Why the new multiplication tests are dividing opinion
None of the top-performing school systems that ministers want to catch up with in global maths rankings use the kind of national testing of times tables unveiled in England this week, TES can reveal.
Computerised tests – to be taken by all Year 6 pupils from 2017, covering times tables up to 12x12 – are being introduced by education secretary Nicky Morgan as part of a bid by the government to raise England’s standing in the Pisa (Programme for International Student Assessment) league tables.
Ms Morgan has said the tests are part of an “unapologetically ambitious” goal to put England in the world’s top five for maths by 2020.
Yet of the current Pisa top five – Shanghai, Singapore, Hong Kong, Taiwan and South Korea (see box, right) – none set national multiplication table tests for children at primary level, according to TES research.
“If the top five don’t do this, you have to ask the question about why we’re introducing yet another test,” said Mary Bousted, general secretary of the ATL teaching union.
Concerns are also being raised about whether primaries will have the computers necessary for the tests. Meanwhile, the head of a government-backed scheme to raise the quality of maths teaching has warned that the test could do “more harm than good”.
Behind the times?
The Department for Education declined to respond when asked by TES if the testing plan was based on international evidence.
But Tim Oates, research director at Cambridge Assessment and a former government adviser, said that the tests could help England catch up. “Other countries don’t do this because they don’t need to, and that’s the point,” he said. “The government wants to encourage higher attainment in maths. Would schools prefer that this was done by something elaborate and intrusive such as another numeracy strategy?”
Professor Lianghuo Fan, a University of Southampton academic and former maths teacher and teacher trainer in China, told TES that pupils in Shanghai were expected to memorise times tables up to 9x9.
“Schools test this at the age of 7, and some also at 8 or 9, and then pupils go on to other things,” he said. “There’s no state-wide test – it would be unnecessary. Each school will make sure pupils master the times tables.”
He said the national tests were “very much a UK initiative” but had the potential to be effective, adding: “I see it as a signal from the government to highlight the importance of grasping the basic mathematical facts.”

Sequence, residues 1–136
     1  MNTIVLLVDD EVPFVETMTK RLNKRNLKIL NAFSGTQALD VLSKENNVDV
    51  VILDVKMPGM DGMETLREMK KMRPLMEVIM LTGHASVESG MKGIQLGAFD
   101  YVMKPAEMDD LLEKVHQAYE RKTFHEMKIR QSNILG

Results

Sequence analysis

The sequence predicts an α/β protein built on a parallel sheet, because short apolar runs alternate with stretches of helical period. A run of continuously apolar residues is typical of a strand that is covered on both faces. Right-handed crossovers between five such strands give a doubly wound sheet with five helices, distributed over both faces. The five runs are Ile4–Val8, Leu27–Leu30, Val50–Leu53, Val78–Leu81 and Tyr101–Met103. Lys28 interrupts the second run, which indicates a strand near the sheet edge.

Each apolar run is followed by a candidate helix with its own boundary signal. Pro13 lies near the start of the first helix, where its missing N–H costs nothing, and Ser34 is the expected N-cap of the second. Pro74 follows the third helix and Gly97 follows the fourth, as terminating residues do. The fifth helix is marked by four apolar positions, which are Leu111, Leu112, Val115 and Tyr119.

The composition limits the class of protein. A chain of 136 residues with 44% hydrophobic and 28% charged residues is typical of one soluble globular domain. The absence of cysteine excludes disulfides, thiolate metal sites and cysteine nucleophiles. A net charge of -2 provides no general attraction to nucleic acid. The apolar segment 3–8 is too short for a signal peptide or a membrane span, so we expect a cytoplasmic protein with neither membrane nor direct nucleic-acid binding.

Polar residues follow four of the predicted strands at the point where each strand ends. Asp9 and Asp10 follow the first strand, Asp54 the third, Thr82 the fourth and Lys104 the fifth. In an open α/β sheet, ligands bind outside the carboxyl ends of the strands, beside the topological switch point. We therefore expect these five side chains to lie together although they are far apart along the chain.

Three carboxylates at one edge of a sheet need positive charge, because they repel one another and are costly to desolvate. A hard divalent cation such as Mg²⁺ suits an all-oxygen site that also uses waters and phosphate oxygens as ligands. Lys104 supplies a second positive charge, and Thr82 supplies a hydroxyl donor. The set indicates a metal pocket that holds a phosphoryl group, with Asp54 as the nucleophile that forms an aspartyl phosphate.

Helen Drury, director of Mathematics Mastery, a DfE-funded teaching programme influenced by Singapore’s approach to maths, said that primary pupils in the Asian city state didn’t sit separate state-run times tables tests, although other maths tests required “plenty of multiplication”.
Dr Drury raised concerns about Ms Morgan’s plan: “The big risk…is that teachers feel pressure to test children all the way through, and the test becomes the learning experience,” she said. “Depending on how the teacher responds to that pressure, it might do more harm than good.”
Pupils in Hong Kong are expected to know times tables, and to use them to answer more complex questions, but are not tested separately on them, according to a London-based spokesman for the territory.
Hye-Won Lee, a research fellow at the Korea Institute for Curriculum and Evaluation in Seoul, told TES that the South Korean government had abolished national tests for primary pupils. But multiplication tables were still an important part of the curriculum, and most pupils have learned them by the age of 8.
A spokesperson for the Taipei Representative Office in the UK said pupils in Taiwan did not sit national tests until the age of 15.
Meanwhile, concerns have emerged about whether primary schools in England have enough IT resources to allow all their Year 6 pupils to take the new test at the same time.
“There’s an assumption that all schools will have access to the right equipment and be able use it,” Dr Bousted said. “But the logistics might be more complex…Government IT projects generally don’t run smoothly.”
Professor Robert Coe, director of the Centre for Evaluation and Monitoring at Durham University, said that the new test was a “simplistic” approach. “If you want to change teachers’ behaviour, you have to educate them, not constrain them,” he said.
But primary teacher Jon Brunskill said: “I think most teachers will be pretty relaxed because they already teach kids times tables.”
In an article for the TES website (bit.ly/TimesTables), he writes that times tables are “the Rosetta Stone of maths, the key that opens the otherwise impenetrable door”.
Pisa 2012 maths scores
1 Shanghai, China 613
2 Singapore 573
3 Hong Kong, China 561
4 Taiwan 560
5 South Korea 554
26 UK 494